More there are 9 out of 10 technology leaders dealing with cyber threats and security threats at government level

More there are 9 out of 10 technology leaders dealing with cyber threats and security threats at government level

With the federal election a few days away, top-of-mind considerations for Canadian technology leaders appear to be cybersecurity and the protection of personal information, along with the capacity to effectively deliver services to citizens with current technology. This is according to the findings of an IBM Canada survey of business and government IT decisionmakers on the urgency for tech modernization in the Canadian government.

Cybersecurity and the protection of Canadians’ personal information

To help mitigate these exposures, nine out of 10 surveyed feel the federal government’s IT modernization efforts should be focused on security and data protection, with half of all respondents saying they “strongly agree” it should be a priority. The results also indicate optimism as 85% say they expect the government will be making proactive investments in cybersecurity measures in the future.

According to the findings, 93% of the business and government IT decisionmakers polled admit they are concerned about the security risks and potential impact of cybercrime in Canada, with just 65% saying they feel the country is sufficiently prepared to respond to a large-scale attack.

Story Highlights

  • IBM Canada surveyed government and business IT decisionmakers for their thoughts on the urgency for tech modernization in government. Cybersecurity and obstacles to modernization were revealed as key considerations.

  • “The COVID-19 pandemic has accelerated the need for technological innovation in government,” said Kim Watson, vice president, federal market, IBM Canada. “We know now more than ever just how critical it is to ensure IT systems are modernized to the point they can scale up in a crisis and deliver services rapidly and securely – be it AI-powered assistants to support citizen requests flooding call centres, the rise of remote work, or the use of hybrid cloud for digital health passes.” IBM is delivering these capabilities across Canada, including through its Cloud Modernization Centre in Gatineau, Quebec.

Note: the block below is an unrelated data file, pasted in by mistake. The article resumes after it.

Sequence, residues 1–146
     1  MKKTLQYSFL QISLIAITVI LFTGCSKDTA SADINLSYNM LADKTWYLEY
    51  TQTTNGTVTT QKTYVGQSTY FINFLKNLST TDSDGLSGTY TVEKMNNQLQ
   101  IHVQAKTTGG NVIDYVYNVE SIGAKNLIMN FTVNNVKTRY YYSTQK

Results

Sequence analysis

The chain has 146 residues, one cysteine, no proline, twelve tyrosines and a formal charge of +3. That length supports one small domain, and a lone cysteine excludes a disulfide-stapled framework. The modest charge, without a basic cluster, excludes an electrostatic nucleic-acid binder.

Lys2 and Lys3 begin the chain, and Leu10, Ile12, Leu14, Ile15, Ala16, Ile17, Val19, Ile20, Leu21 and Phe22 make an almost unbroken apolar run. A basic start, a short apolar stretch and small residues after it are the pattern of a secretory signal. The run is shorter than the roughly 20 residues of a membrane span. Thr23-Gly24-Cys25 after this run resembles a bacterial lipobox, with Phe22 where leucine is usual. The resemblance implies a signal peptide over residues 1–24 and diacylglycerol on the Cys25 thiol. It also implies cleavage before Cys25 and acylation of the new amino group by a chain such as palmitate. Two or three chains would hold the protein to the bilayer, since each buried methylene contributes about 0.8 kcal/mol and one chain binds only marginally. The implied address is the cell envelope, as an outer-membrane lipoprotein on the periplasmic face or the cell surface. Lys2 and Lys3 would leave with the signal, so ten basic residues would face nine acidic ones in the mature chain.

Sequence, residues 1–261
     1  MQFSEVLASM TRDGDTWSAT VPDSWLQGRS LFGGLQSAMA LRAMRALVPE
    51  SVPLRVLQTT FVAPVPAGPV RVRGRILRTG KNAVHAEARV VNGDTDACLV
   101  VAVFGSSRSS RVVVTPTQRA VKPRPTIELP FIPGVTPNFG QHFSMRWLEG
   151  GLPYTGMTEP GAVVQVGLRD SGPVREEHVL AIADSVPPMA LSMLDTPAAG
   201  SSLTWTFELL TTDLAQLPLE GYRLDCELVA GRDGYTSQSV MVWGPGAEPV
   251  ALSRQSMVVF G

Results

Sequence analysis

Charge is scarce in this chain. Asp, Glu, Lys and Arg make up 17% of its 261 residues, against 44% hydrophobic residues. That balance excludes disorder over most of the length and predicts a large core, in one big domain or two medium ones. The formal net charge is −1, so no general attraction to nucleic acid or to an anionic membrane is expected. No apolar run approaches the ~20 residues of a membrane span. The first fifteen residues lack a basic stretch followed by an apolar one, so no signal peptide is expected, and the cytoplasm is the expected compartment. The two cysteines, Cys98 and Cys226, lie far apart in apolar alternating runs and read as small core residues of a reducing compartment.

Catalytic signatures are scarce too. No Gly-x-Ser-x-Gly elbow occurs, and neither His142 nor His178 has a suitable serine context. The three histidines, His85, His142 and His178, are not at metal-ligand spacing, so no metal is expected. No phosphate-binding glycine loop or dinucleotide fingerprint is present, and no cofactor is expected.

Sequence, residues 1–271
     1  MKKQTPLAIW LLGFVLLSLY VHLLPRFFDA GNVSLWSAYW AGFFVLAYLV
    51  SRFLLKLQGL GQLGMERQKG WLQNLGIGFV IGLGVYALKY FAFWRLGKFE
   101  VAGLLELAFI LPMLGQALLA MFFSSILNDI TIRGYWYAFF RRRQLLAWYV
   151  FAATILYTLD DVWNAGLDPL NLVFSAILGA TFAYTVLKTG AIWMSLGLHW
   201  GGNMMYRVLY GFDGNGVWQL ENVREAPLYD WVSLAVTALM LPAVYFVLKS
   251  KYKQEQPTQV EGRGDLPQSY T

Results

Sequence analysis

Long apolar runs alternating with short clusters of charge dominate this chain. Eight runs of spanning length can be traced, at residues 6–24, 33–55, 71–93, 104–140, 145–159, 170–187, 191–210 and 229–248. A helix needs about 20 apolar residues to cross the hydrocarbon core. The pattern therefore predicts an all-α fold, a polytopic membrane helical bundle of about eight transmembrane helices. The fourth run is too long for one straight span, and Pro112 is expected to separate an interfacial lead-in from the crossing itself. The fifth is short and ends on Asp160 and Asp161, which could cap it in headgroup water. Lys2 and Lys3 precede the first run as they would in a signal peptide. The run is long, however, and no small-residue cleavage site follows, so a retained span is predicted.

COVID-19, dated government IT, and the obstacles to delivering citizen services

The survey results reflect the opinion that dated government IT systems might be an issue, with 83% of respondents saying there is a direct negative impact on the digital experiences of Canadians. Nearly all (94%) think modernizing government technology and cloud infrastructure would achieve improved efficiency and speed, better protection of Canadians’ personal data, heightened cybersecurity, and better services to citizens, with 88% also believing that it will result in a reduction of costs.

The challenge? Across the board, two-thirds of those surveyed see the obstacles to modernization being 1) Bureaucracy 2) Party Politics, and 3) Cost. Even with the national upheaval caused by COVID-19, the survey shows some positive sentiment on the government’s efforts during the pandemic. Most feel the pandemic actually helped accelerate digital transformation across the federal government (37% strongly agreed, 46% agreed somewhat), and 71% of those polled say they feel the Canadian government has the technological capabilities to compete on the world stage.

The public sector has a high demand for access to information, operational resiliency, speed and scalability, and we are helping them move their workloads to the cloud and achieve those targets.